High risk areas in the construction industry have been in the spotlight recently, with Greg Jones named as the ACT’s new work safety commissioner.
Access Canberra’s construction, environment and workplace protection director of regulator compliance, Mr Jones said the ACT’s track record in workplace health and safety had not been good.
Can the same be said of other Australian states? Most probably. While it is wrong to make a blanket statement about workplace health and safety, as many organisations are most certainly doing the ‘right thing’, there are still too many who are not.
Indeed, as of 26 July, 2016, 86 Australian workers had been killed at work. The majority of these deaths were in agriculture, forestry and fishing; transport, postal and warehousing, and construction.
These are not statistics to be proud of, and I wonder how many of the organisations involved had integrated safety management system certification in place.
There is certain legislation that all Australian businesses are supposed to follow, to show responsibility, and compliance with legal requirements. But some organisations choose to do more, and further decrease their risk of failing the law, by implementing safety management Standards.
In Australia, businesses tend to choose either OHSAS 18001 or AS/NZS 4801. Both Standards are similar, and as effective as each other.
Leading Certification Bodies
OHSAS 18001 was developed from an existing British Standard by a group of leading certification bodies. AS/NZS 4801 was developed by Australian and New Zealand Standards associations.
AS/NZS 4801 is primarily concerned with the elimination of work-related injury, while OHSAS 18001 is committed to the prevention of injury and ill health within a management system. In other words, the latter is more about the health of the workforce.
In both cases, however – and the main focus of integrated safety management system certification – is to provide an injury and illness-free workplace.
Dealing With Risk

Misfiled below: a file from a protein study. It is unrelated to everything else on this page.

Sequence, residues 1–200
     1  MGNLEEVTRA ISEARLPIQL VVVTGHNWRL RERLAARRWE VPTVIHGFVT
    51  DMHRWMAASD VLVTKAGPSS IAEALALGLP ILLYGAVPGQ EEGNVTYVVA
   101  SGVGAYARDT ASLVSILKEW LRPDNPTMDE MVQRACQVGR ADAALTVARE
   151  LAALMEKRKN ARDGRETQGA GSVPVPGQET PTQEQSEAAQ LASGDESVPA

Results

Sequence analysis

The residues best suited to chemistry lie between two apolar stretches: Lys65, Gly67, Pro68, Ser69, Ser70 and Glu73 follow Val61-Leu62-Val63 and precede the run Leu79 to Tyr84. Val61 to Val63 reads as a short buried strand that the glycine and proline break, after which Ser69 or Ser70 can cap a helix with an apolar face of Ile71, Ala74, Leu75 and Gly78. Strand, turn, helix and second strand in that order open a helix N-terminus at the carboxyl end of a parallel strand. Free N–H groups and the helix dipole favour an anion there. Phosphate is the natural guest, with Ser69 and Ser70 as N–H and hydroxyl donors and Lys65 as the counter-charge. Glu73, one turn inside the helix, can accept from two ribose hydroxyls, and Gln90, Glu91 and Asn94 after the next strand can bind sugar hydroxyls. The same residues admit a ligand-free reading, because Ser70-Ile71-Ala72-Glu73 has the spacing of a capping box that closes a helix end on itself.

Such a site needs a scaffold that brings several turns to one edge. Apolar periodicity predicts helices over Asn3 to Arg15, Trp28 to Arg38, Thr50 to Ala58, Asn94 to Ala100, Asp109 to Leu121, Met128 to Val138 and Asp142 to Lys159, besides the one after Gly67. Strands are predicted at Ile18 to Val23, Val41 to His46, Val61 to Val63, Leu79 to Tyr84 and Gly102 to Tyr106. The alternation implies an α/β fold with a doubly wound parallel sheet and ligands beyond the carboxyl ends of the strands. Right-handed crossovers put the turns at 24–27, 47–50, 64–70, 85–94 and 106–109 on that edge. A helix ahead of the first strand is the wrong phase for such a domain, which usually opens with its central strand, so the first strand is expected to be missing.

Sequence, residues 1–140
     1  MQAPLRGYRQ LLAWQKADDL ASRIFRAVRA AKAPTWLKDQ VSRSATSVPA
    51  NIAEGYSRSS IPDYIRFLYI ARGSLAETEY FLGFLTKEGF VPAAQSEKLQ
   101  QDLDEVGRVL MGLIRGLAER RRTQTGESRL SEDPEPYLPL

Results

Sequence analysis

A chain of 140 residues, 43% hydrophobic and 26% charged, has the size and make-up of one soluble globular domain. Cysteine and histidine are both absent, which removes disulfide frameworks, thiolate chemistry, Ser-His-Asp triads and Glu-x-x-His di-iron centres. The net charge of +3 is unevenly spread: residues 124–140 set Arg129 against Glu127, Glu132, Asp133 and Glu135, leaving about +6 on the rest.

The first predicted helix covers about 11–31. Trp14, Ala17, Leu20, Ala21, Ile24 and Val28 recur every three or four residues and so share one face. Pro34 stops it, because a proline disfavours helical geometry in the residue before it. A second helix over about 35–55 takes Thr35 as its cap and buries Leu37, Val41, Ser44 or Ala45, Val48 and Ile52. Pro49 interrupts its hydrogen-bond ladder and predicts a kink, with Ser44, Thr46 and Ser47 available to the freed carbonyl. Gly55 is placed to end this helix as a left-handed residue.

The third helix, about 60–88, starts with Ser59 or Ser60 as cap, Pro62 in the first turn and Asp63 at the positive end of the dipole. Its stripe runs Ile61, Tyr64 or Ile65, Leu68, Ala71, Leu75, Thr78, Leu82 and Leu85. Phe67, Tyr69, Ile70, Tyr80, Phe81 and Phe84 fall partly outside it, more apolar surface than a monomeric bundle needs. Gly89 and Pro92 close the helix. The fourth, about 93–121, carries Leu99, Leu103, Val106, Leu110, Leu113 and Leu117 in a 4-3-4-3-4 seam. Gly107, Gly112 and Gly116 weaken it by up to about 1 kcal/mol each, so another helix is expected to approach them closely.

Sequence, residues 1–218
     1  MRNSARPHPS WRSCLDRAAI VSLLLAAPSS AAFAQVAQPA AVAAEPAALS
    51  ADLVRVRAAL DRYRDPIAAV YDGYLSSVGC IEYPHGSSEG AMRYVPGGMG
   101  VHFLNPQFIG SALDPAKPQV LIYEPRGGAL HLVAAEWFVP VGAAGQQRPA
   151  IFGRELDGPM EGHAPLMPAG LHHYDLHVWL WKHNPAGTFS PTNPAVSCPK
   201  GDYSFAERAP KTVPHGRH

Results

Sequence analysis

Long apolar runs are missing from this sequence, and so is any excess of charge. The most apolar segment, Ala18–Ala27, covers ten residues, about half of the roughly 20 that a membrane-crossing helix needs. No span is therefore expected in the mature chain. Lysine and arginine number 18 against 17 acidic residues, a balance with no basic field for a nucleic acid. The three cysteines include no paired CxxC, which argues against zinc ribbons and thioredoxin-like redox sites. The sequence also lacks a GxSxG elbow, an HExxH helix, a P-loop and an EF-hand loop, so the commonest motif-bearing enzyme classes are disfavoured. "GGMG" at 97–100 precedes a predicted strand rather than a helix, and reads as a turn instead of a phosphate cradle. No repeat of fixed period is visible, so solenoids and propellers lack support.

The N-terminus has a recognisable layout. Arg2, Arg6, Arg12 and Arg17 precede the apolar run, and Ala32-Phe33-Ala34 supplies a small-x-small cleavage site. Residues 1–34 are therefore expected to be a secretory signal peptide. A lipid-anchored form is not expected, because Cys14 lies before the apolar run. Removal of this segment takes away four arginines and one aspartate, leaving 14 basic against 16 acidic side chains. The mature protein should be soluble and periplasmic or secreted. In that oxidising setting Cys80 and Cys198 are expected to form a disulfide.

One thing has to be said: risk is part of our daily lives, and some workplaces carry more risk than others. We know accidents happen, at home, at work, on our roads, and so on. Nothing can eliminate this.
The aim of a safety management system, however, is to assess and manage risk, thus reducing it.
More often than not with Standards, we see the integration of key management areas. And with health and safety, the obvious ones seem to be environmental management and quality management.
Generally speaking, those organisations that pose the biggest environmental threat, are also those with the most risks in the workplace – such as construction, mining, transport et cetera.
Key Role For Management
Integrated management system training goes a long way towards minimising the risk, whilst improving the quality of not only the organisation’s product or service, but the overall business.
Auditing plays a key role in management system, particular high risk areas, such as workplace safety and environmental management. Integration can bring quite substantial savings, by reducing duplication and downtime during auditing.
Consider a chemical company, for example. By reducing the number and amount of chemicals used, the organisation is minimising the risk of polluting the environment, but reducing the danger to the employees handling the chemicals. It’s a win-win.
In turn, the customer sees the organisation taking responsibility for its actions, which then creates the image of quality. Pretty straightforward, right?
With integrated safety management system certification in place, and promoted through the its marketing material, an organisation shows itself to be ethical, moral and responsible. It is taking clearly defined steps to improve how it does business.
This will improve that organisation’s reputation, as well as opening doors to larger contracts and government tenders.
Effective risk management through integrated management system training is not just for those industries considered to be ‘high risk’. All workplaces – even offices – contain potential risks.
Risk Is Everywhere
For the year ending June 30, 2014, the most common type of injuries sustained were Sprain or Strain (33%), followed by Chronic joint or muscle conditions (21%) and Cut/open wound (14%). Of the 531,800 persons who experienced a work-related injury or illness during that time, 181,200 (34%) were injured through lifting, pushing, pulling or bending.
These are injuries that can occur in any workplace, even offices, which is why all organisations can benefit from integrated safety management system certification and training.
And this is why a business should never settle for an off-the-shelf solution. Safety management systems must be tailored to the individual organisation, as should be the training. It might be easy to purchase a management system online and implement it yourself – it might even be cheaper – but in the long run, the cost could be far greater.
No business owner wants the responsibility of an employee’s injury or death on their conscious – and they certainly don’t want to be facing large fines or even imprisonment. The very presence of a certified safety management system tells authorities that the commitment is there.